THE TRILOBITE AGE
59:1.1 By the dawn of this period of relative
quiet on the earth's surface, life is confined to the various
inland seas and the oceanic shore line; as yet no form of land
organism has evolved. Primitive marine animals are well
established and are prepared for the next evolutionary
development. Ameba are typical survivors of this initial stage
of animal life, having made their appearance toward the close of
the preceding transition period.
59:1.2 400,000,000 years ago marine
life, both vegetable and animal, is fairly well distributed over
the whole world. The world climate grows slightly warmer and
becomes more equable. There is a general inundation of the
seashores of the various continents, particularly of North and
South America. New oceans appear, and the older bodies of water
are greatly enlarged.
59:1.3 Vegetation now for the first time
crawls out upon the land and soon makes considerable progress in
adaptation to a nonmarine habitat.
59:1.4 Suddenly and without gradation
ancestry the first multicellular animals make their appearance.
The trilobites have evolved, and for ages they dominate the
seas. From the standpoint of marine life this is the trilobite
59:1.5 In the later portion of this time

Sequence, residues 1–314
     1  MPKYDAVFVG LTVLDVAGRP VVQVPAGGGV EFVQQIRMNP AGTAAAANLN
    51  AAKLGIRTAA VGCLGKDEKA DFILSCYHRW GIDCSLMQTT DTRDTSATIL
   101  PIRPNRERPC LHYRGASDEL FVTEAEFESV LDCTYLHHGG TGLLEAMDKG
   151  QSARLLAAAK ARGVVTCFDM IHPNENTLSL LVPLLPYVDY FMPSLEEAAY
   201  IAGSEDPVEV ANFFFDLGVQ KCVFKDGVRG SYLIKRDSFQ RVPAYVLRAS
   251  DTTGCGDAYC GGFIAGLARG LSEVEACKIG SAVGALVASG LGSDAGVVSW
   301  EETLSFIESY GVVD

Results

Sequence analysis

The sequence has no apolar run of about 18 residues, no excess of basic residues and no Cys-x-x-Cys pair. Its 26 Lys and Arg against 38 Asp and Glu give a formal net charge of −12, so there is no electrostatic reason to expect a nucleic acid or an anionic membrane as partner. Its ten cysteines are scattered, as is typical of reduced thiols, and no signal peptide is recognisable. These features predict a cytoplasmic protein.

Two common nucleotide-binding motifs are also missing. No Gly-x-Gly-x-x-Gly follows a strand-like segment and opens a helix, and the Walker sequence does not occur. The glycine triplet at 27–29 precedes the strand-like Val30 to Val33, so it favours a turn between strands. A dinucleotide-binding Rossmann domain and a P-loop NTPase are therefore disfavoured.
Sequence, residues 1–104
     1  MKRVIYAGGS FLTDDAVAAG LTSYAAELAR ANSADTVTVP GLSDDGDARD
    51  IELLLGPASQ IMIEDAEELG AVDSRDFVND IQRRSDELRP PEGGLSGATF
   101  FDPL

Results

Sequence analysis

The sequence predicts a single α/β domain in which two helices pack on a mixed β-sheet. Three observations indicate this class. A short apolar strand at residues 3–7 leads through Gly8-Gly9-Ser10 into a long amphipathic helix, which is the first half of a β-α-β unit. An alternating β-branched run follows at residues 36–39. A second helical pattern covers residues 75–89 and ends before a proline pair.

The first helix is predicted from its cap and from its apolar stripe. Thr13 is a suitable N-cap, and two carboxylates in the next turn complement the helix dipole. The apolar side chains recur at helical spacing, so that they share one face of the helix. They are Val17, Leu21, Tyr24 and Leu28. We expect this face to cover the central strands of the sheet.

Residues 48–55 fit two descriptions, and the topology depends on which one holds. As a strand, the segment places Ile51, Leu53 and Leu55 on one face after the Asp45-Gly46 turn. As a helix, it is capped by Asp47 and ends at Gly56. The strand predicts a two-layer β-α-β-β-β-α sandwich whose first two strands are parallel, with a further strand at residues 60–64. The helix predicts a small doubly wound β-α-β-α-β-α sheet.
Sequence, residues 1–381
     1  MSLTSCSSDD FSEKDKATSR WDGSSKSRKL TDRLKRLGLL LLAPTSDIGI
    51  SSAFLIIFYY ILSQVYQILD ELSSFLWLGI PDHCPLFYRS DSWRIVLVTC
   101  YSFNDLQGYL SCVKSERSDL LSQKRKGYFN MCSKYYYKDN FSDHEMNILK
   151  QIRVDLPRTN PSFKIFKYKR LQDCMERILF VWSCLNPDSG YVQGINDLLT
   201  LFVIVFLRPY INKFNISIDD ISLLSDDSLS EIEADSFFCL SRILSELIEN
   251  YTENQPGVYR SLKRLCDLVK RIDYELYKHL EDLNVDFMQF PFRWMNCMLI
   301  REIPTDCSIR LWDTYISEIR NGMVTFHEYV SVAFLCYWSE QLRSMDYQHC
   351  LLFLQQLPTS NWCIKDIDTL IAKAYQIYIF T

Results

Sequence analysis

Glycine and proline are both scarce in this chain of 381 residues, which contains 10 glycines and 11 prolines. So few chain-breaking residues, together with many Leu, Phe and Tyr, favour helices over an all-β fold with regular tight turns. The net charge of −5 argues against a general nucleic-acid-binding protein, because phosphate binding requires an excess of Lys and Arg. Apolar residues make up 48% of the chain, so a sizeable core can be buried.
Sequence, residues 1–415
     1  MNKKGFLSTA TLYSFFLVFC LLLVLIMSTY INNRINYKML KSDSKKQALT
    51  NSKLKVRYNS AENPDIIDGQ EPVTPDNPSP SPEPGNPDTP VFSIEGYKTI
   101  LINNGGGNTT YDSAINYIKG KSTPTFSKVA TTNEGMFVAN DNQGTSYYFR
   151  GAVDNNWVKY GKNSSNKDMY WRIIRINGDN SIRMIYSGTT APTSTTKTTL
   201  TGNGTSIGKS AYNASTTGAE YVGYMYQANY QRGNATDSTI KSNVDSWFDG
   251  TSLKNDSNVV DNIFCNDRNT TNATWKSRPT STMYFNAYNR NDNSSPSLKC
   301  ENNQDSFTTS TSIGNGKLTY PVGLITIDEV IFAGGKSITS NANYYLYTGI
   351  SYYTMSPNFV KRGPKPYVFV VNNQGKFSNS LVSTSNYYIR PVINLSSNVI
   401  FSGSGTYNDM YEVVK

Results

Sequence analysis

segment much of North America and Europe emerged from the sea.
The crust of the earth was temporarily stabilized; mountains, or
rather high elevations of land, rose along the Atlantic and
Pacific coasts, over the West Indies, and in southern Europe.
The entire Caribbean region was highly elevated.
59:1.6 390,000,000 years ago the land
was still elevated. Over parts of eastern and western America
and western Europe may be found the stone strata laid down
during these times, and these are the oldest rocks which contain
trilobite fossils. There were many long fingerlike gulfs
projecting into the land masses in which were deposited these
59:1.7 Within a few million years the Pacific
Ocean began to invade the American continents. The sinking of
the land was principally due to crustal adjustment, although the
lateral land spread, or continental creep, was also a factor.
59:1.8 380,000,000 years ago Asia was
subsiding, and all other continents were experiencing a
short-lived emergence. But as this epoch progressed, the newly
appearing Atlantic Ocean made extensive inroads on all adjacent